By FRANK SONNENBERG
The successful executive, the famous comedian, the sports champion, and the victorious politician have become the heroes of our fame-infatuated world. And to be sure, many of these high achievers deserve our congratulations and respect. But even as we honour our acknowledged heroes, aren’t we possibly forgetting something?
Overdue for a bow?
Isn’t it time to recognise the people who make all of this winning possible – the “unsung heroes”?
How about the nurse who attends the patient, freeing the prominent surgeon to treat the next person in need? How about the (American) football lineman who throws the crucial tackle, opening the way for the halfback’s touchdown run; the writer who toils into the wee hours developing the comedian’s hysterical monologue; or the campaign staffer who devises the crucial strategy that puts the politician over the top?
These are just some of the unsung heroes. Don’t forget the PR (public relations) person who preps the executive before the key interview, or the proofreader who makes sure that all the i’s are dotted and the t’s crossed before the critical document goes to press.
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Often accepting a fraction of the compensation that their better-known counterparts are paid, unsung heroes frequently labour in obscurity with little recognition for their efforts. Their moment of fame may be simply a line on an organisation chart or honourable mention in management e-mail. Or, maybe, nothing at all.
While it’s true that many of these heroes shun the limelight out of humility or perceived risk, their true contributions are much too important to be overlooked or forgotten.
‘If you want something done…’
Fortunately, every successful organisation has numerous unsung heroes who keep moving it forward. You know who they are. They’re the first ones to volunteer for the jobs that nobody wants, the go-to people when the going gets tough, the individuals who take up the slack when others come up short, and the staffers who help their bosses look good.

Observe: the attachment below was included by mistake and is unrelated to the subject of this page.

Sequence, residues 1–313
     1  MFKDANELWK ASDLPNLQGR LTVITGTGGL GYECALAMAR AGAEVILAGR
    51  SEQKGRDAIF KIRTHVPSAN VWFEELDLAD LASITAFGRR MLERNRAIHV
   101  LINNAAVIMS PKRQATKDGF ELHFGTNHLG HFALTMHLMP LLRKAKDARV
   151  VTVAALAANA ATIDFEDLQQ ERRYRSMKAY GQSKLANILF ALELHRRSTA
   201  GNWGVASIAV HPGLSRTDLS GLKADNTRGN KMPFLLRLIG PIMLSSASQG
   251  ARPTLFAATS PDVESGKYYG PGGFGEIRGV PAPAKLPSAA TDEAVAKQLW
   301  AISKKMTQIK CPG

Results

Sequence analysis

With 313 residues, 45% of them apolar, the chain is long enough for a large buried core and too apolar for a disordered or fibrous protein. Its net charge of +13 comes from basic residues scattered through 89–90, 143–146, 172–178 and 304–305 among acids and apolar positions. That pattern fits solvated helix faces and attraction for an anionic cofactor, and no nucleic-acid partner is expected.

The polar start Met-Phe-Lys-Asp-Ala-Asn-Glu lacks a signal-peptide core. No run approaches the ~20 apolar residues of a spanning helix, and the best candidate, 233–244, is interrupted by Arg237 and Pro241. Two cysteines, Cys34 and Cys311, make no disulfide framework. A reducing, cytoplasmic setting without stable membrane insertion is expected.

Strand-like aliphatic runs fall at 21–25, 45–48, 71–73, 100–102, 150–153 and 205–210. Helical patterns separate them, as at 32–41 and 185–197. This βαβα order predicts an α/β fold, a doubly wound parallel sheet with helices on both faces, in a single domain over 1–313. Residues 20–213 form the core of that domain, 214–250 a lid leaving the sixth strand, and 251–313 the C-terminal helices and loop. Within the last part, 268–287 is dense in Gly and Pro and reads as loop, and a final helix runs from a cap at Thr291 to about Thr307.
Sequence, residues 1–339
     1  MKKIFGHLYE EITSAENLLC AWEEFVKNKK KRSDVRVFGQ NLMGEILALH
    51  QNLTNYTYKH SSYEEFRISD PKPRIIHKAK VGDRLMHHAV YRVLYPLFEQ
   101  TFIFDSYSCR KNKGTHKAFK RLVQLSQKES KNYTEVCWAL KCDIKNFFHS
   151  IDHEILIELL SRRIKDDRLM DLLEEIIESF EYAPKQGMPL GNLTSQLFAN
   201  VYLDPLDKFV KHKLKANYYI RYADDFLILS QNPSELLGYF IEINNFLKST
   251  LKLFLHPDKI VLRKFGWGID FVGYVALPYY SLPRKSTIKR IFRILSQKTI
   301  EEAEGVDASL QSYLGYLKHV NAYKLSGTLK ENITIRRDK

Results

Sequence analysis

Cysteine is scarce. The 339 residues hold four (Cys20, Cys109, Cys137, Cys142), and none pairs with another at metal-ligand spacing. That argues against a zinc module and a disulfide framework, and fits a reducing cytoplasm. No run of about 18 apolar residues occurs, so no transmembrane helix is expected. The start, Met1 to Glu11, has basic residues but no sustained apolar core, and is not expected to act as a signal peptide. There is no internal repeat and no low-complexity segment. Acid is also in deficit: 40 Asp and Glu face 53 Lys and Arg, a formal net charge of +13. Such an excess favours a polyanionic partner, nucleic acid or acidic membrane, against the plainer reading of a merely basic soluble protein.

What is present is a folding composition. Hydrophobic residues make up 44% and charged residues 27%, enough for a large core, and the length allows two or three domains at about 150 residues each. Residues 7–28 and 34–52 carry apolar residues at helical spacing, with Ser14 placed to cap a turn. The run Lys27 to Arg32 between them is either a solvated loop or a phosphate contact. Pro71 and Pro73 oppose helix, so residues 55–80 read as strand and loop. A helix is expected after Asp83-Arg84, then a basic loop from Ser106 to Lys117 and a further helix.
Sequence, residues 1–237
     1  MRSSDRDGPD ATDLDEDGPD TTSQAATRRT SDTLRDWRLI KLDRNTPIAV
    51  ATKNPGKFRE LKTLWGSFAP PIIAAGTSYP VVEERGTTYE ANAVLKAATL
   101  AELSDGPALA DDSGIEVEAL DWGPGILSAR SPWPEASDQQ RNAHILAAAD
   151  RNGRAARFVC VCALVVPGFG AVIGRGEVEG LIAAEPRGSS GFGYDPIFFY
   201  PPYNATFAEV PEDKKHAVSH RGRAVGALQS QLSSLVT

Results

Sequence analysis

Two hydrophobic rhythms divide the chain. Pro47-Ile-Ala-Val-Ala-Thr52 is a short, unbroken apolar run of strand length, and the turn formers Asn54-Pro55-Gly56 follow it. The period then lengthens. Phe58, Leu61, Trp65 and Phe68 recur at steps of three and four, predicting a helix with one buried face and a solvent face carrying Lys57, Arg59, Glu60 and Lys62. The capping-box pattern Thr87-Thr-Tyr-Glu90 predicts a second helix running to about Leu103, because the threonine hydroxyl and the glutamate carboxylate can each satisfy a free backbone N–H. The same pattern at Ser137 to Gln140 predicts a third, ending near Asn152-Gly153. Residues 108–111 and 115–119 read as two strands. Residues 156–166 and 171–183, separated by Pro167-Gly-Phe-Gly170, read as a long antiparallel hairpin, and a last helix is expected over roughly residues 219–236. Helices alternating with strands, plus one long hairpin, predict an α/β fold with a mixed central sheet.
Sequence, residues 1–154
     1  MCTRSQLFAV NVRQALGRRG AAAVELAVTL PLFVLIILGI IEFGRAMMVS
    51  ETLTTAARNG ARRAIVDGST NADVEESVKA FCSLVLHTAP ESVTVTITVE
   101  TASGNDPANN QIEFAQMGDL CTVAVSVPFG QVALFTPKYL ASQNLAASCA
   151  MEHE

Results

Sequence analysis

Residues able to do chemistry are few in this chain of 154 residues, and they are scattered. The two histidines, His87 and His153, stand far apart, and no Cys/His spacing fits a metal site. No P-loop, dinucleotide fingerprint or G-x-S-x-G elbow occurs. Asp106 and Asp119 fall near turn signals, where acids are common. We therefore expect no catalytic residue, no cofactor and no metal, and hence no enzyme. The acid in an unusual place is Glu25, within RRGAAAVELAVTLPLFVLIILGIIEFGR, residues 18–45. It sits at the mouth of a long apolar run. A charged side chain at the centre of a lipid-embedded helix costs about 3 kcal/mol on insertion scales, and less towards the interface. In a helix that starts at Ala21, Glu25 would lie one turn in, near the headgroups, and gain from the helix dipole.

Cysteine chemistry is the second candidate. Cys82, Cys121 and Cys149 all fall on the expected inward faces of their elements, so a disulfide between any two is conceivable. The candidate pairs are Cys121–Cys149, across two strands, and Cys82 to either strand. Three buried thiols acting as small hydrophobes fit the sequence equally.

It’s likely that they are also the people who turn the lights on in the morning and off at night, eating lunches at their desks, never missing a day’s work. And yes, we keep piling the work on them even though they’re the busiest ones around.
Our excuse? “If you want something done… give it to someone who’s busy.”
In fact, many unsung heroes are so good at what they do that we often take their capabilities for granted. Worse yet, sometimes we’re so busy calming down the people with the biggest egos, or those with the highest personal demands, that we may even forget that our unsung heroes are there. Tragic.
Typically, the unsung heroes don’t get their deserved credit because they live in the shadow of an individual. They don’t jockey for the glory, ask for the raise, or request the promotion because they’re just busy getting their job done. In fact, they come to work day in and day out, keeping their nose to the grindstone and helping the organisation win – and in the process, they often make other people look good.
Unsung heroes get promoted less often because they’re considered just too good at what they do and too valuable in their current role. And while we spend hours debating compensation for our executives, we are inclined to write our unsung heroes boilerplate performance reviews (only because it’s required), give everyone near-equal raises (regardless of performance), and then send everyone home, expecting them to be happy. Shortsighted indeed.
And, because our unsung heroes never cause “trouble” and are loyal to our cause, we don’t spend much time thinking about their needs. Why? We think they’ll never leave. Their willingness to stand by and “take it” convinces us that they have limited ambition or few other options. Risky.
Many times we realise their value only after they’re unavailable or when they resign. And then, we add insult to injury by countering the offer of their new employer. Sad but true.
We rationalise. You can’t watch your team’s blocker when you’re running for the goal line. You can’t take your eyes off the deadline to recognise the technician who kept your computer running. And it may even hurt your ego to admit that you needed their help. But if we don’t find a way to say “thanks”, we may lose the very people who help us win. What a shame.
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Time for change
It’s about time that we acknowledge the critical importance of our unsung heroes. And although many of them would be pleased just for the recognition, we can’t stop there.
Take some time and find ways to show your unsung heroes that you care. If they are like you, chances are the same positive feedback and acknowledgment that make you feel appreciated, and motivate you to do your best are what they need as well. A special bonus, raise, or promotion couldn’t hurt either.
And, you never know… maybe they’ll stay with your organisation for years to come and continue to make you look good.
This article was first published on FrankSonnenbergOnline.com © 2017 Frank Sonnenberg. All rights reserved.